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by Trevor Reekie

Moments Like These: Doug Jerebine

by Trevor Reekie

Moments Like These: Doug Jerebine

Born on New Zealand’s North Island in rural Tangowahine, Doug Jerebine, aka Jesse Harper, first established himself as a guitarist with a reputation in Auckland bands including The Embers and The Brew during the early 1960s. However, for Doug it wasn’t to be all about hedonism and heroism.

An interest in Indian music shaped his spiritual beliefs and directed much of his adult life. Before making the pilgrimage to India, where he was to remain for almost four decades, Doug detoured to London, adopted the name Jesse Harper, and in 1969 recorded what would become known as the ‘lost’ Jesse Harper album. Having settled back in Aotearoa after an absence of 40 years he has landed a release for that forgotten album with Chicago indie label Drag City. Doug Jerebine is gigging and recording again, his extreme guitar wizardry proving remarkably intact. Trevor Reekie presents Moments Like These.

Where was this photo taken and what can you remember of the day?

This photo would be in 1968, the year I left NZ for UK and subsequently India. I played with Raman Bhai Chhibba in public three times, as far as my memory serves me. Once was at the Gandhi Hall, another was at a Hindu wedding function and another was at the Montmartre, the then well-known jazz club in Lorne Street. I think this photo was from the wedding function.

The sitar belonged to Raman Bhai, he gave it to me to play – as long as I wanted to. He taught me some basic raagas of Indian classical music. He was a Fijian Hindu, and he had a fruit and vege shop on Ponsonby Road. I used to visit him there every Tuesday evening. He never charged me.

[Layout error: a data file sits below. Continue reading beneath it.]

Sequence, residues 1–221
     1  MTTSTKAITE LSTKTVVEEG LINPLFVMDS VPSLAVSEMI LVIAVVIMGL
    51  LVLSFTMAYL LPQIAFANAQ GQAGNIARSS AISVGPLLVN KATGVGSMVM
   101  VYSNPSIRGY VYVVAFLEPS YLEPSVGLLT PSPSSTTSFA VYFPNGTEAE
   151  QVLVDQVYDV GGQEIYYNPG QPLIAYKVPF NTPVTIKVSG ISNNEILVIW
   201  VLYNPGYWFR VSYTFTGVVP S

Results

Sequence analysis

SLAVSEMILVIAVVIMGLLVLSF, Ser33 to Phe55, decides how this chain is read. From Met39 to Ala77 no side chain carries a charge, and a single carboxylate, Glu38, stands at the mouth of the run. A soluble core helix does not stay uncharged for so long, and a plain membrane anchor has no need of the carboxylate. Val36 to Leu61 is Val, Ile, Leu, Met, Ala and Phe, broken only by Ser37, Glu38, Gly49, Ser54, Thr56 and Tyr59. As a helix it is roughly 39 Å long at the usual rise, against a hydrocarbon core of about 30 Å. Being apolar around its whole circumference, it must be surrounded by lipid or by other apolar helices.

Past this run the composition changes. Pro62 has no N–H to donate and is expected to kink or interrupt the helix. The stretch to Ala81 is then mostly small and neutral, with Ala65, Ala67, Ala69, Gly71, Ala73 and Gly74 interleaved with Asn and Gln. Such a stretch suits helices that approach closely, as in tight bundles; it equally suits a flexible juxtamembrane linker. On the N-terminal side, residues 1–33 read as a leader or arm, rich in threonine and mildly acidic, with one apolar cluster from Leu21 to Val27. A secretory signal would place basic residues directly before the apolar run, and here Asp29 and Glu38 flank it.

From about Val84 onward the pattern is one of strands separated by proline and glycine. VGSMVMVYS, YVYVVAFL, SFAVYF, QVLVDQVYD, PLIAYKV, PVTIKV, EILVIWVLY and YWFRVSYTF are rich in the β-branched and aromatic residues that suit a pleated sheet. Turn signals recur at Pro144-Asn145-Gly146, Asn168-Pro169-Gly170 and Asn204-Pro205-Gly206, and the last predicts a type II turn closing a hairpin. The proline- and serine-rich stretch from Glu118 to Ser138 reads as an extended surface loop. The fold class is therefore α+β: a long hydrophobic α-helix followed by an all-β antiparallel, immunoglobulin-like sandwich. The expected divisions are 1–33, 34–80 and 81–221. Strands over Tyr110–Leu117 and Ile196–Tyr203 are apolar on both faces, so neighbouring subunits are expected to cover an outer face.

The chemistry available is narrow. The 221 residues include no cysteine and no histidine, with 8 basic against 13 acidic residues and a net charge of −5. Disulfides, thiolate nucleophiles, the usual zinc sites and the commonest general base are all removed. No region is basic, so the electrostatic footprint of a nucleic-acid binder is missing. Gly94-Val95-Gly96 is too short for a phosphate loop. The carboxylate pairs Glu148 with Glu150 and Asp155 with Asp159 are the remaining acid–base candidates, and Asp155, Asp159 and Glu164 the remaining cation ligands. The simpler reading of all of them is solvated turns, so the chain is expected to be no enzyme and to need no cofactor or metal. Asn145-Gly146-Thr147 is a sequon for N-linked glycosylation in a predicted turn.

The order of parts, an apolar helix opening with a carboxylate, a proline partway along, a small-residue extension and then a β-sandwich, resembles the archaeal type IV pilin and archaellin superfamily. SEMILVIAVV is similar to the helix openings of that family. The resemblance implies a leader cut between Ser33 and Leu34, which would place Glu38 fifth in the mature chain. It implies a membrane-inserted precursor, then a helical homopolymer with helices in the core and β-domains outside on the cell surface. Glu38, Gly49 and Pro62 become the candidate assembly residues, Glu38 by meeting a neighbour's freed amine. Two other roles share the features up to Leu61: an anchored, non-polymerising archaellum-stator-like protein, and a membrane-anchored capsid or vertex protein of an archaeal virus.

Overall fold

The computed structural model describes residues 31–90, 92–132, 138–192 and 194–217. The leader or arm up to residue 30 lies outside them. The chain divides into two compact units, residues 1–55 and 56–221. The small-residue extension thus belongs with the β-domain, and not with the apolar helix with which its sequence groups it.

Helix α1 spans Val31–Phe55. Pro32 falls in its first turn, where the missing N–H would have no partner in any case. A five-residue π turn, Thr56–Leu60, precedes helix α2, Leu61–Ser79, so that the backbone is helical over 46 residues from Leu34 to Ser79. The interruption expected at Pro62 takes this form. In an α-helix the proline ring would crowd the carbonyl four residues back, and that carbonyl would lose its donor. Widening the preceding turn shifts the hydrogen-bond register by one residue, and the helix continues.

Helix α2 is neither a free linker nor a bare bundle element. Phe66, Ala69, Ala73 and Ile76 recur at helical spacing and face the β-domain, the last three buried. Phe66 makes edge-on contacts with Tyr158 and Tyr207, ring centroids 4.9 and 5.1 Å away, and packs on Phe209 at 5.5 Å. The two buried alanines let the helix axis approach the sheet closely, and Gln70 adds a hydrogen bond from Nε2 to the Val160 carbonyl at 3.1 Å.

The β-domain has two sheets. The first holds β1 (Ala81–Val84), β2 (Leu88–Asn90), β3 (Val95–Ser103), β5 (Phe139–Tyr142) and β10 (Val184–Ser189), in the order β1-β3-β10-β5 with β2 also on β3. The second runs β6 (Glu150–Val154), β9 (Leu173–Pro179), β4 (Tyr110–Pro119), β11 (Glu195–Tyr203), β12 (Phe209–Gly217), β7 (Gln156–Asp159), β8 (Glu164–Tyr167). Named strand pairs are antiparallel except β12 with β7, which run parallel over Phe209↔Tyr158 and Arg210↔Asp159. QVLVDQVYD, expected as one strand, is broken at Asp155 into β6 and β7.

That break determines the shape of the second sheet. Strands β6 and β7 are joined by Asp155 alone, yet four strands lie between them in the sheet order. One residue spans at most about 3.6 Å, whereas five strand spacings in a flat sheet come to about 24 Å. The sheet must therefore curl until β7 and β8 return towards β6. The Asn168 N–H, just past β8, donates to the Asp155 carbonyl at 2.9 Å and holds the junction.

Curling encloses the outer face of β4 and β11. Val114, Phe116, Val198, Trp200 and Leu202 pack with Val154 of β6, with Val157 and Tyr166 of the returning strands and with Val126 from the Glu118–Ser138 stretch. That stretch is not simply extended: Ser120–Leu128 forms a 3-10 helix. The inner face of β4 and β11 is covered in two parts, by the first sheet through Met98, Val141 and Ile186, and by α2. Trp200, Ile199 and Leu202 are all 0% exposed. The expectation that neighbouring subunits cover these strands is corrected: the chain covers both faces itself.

These were unforgettable times, my first taste of the discipline. He told me to rise early, take nothing but a little hot water, and then practice the sitar. I followed that quite faithfully. One morning, I was suddenly shocked to hear the beauty of what flowed from my fingers; I realised it was something latent, yet it felt that I was hearing it for the very first time… and once heard, it’s never forgotten. At that time, it felt very difficult to put the instrument down, I felt as though I could play it forever.
On the occasion of this photograph, my ability in Indian music was extremely basic – in fact, it still is. Yet, although my ‘performance’ was virtually something like the music of a child practising, the audience was welcoming and encouraging. It was a significant moment, as all such humbling moments are.

What else were you doing at that period? What was your background?

I had somewhat ‘grown up’ on Western music. In Dargaville I had an excellent jazz guitarist, Marsh Calkin, as my first teacher. I was utterly enchanted, associating with a real musician for the first time in my life. He forbade me to play the local dances for one year while I studied with him, telling me it would spoil me. In many ways I saw his wisdom to be sound. I am ever grateful to Marsh for that wisdom.
Moving to Auckland, I went directly into playing music full-time. I was so fortunate due my intimate friendship with Mike Perjanik – we were schoolmates. Mike had already entered the professional music field, and he didn’t rest until he pulled me in with him.
There, in the group The Embers, we played as resident band at The Shiralee, later called The Galaxy. We also toured with Howard Morrison, Dinah Lee, Peter Posa, Bill and Boyd, The Chicks, John Hore, Lyn and Christine Barnett. Also Sandy Shaw and The Pretty Things and many others, as well as recorded extensively. Later I joined the Keil Isles who were resident group at the Oriental Ballroom, and played alongside Jimmy Sloggett – Jimmy and I had become close friends. After that I worked with vocalist Tommy Adderley as his guitarist, and also wrote his charts and toured with him extensively.